After the start of the Russian operation on Ukrainian territory, the American aircraft manufacturer Boeing announced the suspension of the purchase of titanium in Russia, the closure of technical departments in Moscow and Kyiv, and the termination of the supply of spare parts to airlines from the Russian Federation. At the same time, the European aircraft manufacturer Airbus also suspended the supply of spare parts, but did not rush to abandon Russian metal.
In 2014, against the backdrop of the situation around Crimea and Donbass, Airbus was already trying to find an alternative to Russian metal. There are no problems with titanium on our planet, since it is the 7th most abundant in nature. It is a very light and strong metal with high corrosion resistance. Many countries of the world are engaged in the extraction of titanium ores and have competence in the production of various products, including for the aviation industry. However, the European giant then could not find a worthy replacement for Russia. The quality of the titanium package (ingots, ingots) and the accuracy of processing the final products did not allow Airbus to refuse to cooperate with the Russian Federation. The aviation industry and air transportation in the world were then on the rise, the concern increased the production of aircraft, and the airlines demanded more, and Airbus simply could not afford such a luxury as giving up business with the Russians.
This is done in accordance with all applicable sanctions and export control regulations.
- Airbus recently said when the company was asked why it continues to purchase titanium directly from Russia.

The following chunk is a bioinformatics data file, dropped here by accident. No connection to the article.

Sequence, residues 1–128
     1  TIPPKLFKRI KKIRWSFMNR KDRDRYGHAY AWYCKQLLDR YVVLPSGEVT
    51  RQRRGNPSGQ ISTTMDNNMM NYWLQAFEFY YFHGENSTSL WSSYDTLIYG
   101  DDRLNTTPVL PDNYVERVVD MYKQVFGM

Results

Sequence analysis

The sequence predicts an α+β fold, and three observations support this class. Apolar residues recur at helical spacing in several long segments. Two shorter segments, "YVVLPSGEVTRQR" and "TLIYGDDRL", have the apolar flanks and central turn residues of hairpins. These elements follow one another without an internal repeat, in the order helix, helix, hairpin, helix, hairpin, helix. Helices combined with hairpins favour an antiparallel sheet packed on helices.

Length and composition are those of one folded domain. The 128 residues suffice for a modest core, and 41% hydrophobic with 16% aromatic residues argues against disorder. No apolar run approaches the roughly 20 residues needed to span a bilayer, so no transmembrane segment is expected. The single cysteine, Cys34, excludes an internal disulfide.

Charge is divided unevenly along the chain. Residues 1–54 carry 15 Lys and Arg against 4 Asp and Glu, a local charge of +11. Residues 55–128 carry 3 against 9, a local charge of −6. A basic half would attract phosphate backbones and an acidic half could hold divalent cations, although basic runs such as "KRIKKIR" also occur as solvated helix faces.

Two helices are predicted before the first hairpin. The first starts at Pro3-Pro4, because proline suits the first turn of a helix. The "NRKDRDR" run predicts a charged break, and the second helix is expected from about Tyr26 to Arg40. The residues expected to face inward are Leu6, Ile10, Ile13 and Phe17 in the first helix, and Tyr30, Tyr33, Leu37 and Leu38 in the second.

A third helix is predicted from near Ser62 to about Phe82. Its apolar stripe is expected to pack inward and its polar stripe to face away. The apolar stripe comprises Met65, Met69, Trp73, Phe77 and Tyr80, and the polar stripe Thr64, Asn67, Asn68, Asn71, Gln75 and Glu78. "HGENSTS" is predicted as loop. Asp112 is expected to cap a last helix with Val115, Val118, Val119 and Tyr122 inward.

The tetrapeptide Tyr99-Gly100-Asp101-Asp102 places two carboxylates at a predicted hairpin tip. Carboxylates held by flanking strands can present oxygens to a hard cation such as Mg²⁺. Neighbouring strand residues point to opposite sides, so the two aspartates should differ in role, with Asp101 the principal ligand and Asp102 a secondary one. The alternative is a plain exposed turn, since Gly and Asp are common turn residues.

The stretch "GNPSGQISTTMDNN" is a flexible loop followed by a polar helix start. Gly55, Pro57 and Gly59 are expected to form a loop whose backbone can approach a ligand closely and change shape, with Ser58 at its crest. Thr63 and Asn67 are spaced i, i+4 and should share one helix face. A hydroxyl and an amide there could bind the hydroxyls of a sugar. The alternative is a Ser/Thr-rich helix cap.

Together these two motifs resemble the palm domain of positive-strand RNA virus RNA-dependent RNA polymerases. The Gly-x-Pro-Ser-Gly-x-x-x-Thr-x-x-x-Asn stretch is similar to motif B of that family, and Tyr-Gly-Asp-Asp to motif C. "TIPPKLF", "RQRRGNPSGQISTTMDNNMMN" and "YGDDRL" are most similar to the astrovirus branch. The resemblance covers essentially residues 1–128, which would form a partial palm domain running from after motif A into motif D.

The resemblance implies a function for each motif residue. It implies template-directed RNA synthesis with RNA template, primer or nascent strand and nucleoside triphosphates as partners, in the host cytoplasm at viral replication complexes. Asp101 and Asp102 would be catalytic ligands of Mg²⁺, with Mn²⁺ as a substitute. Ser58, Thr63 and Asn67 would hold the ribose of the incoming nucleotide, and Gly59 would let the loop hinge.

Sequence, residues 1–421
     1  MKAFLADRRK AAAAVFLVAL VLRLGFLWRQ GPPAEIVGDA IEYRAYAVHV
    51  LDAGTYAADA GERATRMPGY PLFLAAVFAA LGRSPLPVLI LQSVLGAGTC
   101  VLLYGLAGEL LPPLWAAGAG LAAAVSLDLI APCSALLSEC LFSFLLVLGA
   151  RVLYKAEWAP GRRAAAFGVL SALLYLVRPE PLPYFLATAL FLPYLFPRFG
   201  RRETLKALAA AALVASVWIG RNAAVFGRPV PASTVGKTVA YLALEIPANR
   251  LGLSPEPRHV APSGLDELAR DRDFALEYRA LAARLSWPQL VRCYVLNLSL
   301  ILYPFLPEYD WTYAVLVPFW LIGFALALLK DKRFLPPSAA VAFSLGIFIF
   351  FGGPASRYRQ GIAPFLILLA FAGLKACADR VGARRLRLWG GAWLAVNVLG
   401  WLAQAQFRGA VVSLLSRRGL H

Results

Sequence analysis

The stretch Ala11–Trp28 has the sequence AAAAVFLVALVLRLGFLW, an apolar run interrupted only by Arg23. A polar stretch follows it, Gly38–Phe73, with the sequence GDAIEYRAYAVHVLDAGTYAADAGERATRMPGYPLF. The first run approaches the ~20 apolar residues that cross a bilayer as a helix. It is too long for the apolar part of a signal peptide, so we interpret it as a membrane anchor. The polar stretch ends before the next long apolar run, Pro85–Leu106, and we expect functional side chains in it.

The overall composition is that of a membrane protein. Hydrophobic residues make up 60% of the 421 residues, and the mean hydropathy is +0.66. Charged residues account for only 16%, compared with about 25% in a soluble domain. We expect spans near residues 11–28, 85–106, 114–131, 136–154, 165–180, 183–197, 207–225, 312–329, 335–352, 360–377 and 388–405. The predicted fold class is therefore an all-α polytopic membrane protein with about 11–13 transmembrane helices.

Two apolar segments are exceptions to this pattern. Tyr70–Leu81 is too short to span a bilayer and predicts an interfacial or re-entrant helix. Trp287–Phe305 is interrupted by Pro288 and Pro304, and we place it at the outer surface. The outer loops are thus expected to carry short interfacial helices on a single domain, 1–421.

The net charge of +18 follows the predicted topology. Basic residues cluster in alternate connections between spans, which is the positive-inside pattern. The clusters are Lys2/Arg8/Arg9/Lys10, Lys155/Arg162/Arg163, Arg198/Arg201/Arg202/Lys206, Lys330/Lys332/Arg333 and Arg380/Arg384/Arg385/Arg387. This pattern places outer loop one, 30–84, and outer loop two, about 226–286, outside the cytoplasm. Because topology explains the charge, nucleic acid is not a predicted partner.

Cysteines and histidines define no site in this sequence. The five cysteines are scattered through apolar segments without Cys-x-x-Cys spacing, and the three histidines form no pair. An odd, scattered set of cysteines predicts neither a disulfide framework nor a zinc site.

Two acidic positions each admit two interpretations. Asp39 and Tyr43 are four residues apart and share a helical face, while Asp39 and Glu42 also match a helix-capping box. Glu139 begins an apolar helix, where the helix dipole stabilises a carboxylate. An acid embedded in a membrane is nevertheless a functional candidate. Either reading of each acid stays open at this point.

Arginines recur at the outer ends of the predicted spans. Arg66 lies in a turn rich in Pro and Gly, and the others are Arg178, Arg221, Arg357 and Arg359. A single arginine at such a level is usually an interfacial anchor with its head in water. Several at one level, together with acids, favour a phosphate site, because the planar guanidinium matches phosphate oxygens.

It should be taken into account that Europeans buy not only Russian titanium. The other day, Airbus and Boeing delegations went to South Africa to negotiate an urgent increase in the volume of purchases of this metal. Now it is interesting to find out what Boeing is counting on by abandoning Russian titanium. The American corporation, in principle, does not hide the fact that it does not want to completely break off relations with Russian partners.
Since July 2009, Ural Boeing Manufacturing, a joint venture between VSMPO-AVISMA and Boeing, has been operating in Verkhnyaya Salda, Sverdlovsk Region. It is engaged in mechanical processing of titanium stampings. In September 2018, the second Boeing plant for the machining of titanium products was launched on the territory of the Titanium Valley FEZ. The design center in Moscow is the largest in Eastern Europe, but not the only one on the planet.
Until 2020, Boeing was 25-35% dependent on Russian products. But the COVID-19 pandemic has taken its toll on air travel. The increased accident rate of Boeing aircraft in recent years has also added problems, due to which many air carriers have revised their priorities in favor of Airbus products. As a result, the corporation began to produce 1/3 less aircraft than before.
Temporarily abandoning Russian titanium, Boeing is counting on its own accumulated stockpiles, US state reserve storage facilities and supplies from Kazakhstan, which ranks 10th in the extraction of titanium ores and produces 11% of titanium metal in the world (China is now in first place in all respects). The export of titanium from Kazakhstan passes through the territory of Russia through the port of St. Petersburg. If the Russians block this route, it will create problems for Boeing. However, Boeing can use the Kazakhstan-Azerbaijan-Georgia route and then by sea wherever necessary, but this is more complicated and more expensive. There is a feeling that Boeing simply decided to wait out the crisis period and not provoke unnecessary criticism of Russophobes.